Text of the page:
• 7.
    Johansson, Lars-Olof
    et al.
    Halmstad University, Halmstad.
    Lundh Snis, Ulrika
    University West, Department of Economics and IT, Divison of Informatics.
    Svensson, Lars
    University West, Department of Economics and IT, Division of Computer Science and Informatics.
    Dynamics in an innovation boundary context: exploring a living labprocess from a community of practice perspective2011In: Proceedings of IRIS 2011: TUCS Lecture NotesNo 15, October 2011 / [ed] Leino, Timo, Turku: Turku Centre for Computer Science , 2011, p. 1-Conference paper (Refereed)
    Abstract [en]

    This paper is based on studies of a living lab process, which is an open, user-centric, innovation approach, where several actors from industry, user groups and academia are involved. We aim to describe and analyze the dynamics in an innovation boundary context based on a living lab process. An action-oriented research approach was applied and the empirical results are from The Find Project (TFP), with the aim of customizing an ICT product based on the needs of a user group. The findings are analyzed from a community of practice perspective where the three different communities i) researchers from Halmstad Living Lab (HLL), ii) ICT developers (ICTD), and iii) next of kin's to demented elderly persons (NOKD) represented the units of analysis. The analysis identified several boundary situations that played a vital role for the innovation process. The contribution of our research to innovation theory is a process model describing the dynamics in an innovation boundary context with regard to boundary objects-in-use as well as to brokering. The research highlights two different levels of brokering: i) product/service brokering; and ii) process brokering.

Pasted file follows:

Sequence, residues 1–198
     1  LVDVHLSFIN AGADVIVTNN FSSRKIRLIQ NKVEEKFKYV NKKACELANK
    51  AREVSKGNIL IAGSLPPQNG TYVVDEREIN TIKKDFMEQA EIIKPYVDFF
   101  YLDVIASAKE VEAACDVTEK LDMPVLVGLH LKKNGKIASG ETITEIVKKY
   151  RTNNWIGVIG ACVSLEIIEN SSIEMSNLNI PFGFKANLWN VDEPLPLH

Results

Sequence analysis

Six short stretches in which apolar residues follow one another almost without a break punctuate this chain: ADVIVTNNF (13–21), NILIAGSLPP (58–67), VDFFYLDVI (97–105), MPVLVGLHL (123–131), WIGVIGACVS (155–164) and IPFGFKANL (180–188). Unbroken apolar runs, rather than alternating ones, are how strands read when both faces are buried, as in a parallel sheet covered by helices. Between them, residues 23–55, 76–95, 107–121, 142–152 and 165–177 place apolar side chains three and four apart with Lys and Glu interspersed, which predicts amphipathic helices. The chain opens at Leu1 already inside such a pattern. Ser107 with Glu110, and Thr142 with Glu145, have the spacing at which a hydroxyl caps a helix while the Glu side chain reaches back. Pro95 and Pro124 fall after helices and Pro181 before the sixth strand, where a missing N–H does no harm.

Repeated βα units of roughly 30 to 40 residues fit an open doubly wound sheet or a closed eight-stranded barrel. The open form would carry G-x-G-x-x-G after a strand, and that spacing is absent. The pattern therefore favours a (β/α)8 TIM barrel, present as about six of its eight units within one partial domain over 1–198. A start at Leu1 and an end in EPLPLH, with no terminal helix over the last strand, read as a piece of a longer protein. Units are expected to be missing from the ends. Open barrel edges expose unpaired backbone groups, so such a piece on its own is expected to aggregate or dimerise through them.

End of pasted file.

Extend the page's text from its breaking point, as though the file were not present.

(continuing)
• 8.
    Khorram-Manesh, Amir
    et al.
    Unit of Security and Preparedness, Former Prehospital and Disaster Medicine Center,Gothenburg,Sweden..
    Berlin, Johan
    University West, Department of Social and Behavioural Studies.
    Ljung Roseke, Lina
    Psychology Unit, Närhälsan, Borås, Sweden.
    Aremyr, Johan
    Unit of Security and Preparedness, Former Prehospital and Disaster Medicine Center,Gothenburg,Sweden..
    Sörensson, Josef
    Unit of Security and Preparedness,Former Prehospital and Disaster Medicine Center,Gothenburg,Sweden..
    Carlström, Eric
    Unit of Security and Preparedness, Former Prehospital and Disaster Medicine Center,Gothenburg,Sweden..
    Emergency Management and Preparedness Training for Youth (EMPTY): The Results of the First Swedish Pilot Study.2018In: Disaster Medicine and Public Health Preparedness, ISSN 1935-7893, E-ISSN 1938-744X, Vol. 12, no 6, p. 685-688Article in journal (Refereed)
    Abstract [en]

    OBJECTIVE: To examine the impact of a simulation training in raising a group of young students' personal and situational awareness in disasters and emergencies.

    METHODS: In total, 25 young students participated in two simulation scenarios representing two actual events, fire, and shooting, using a combination of two validated simulation training (Emergency Management and Preparedness Training for Youth [EMPTY]). The changes in their knowledge and awareness were evaluated by using questionnaires and the whole simulation was evaluated by three independent observers and a reference group.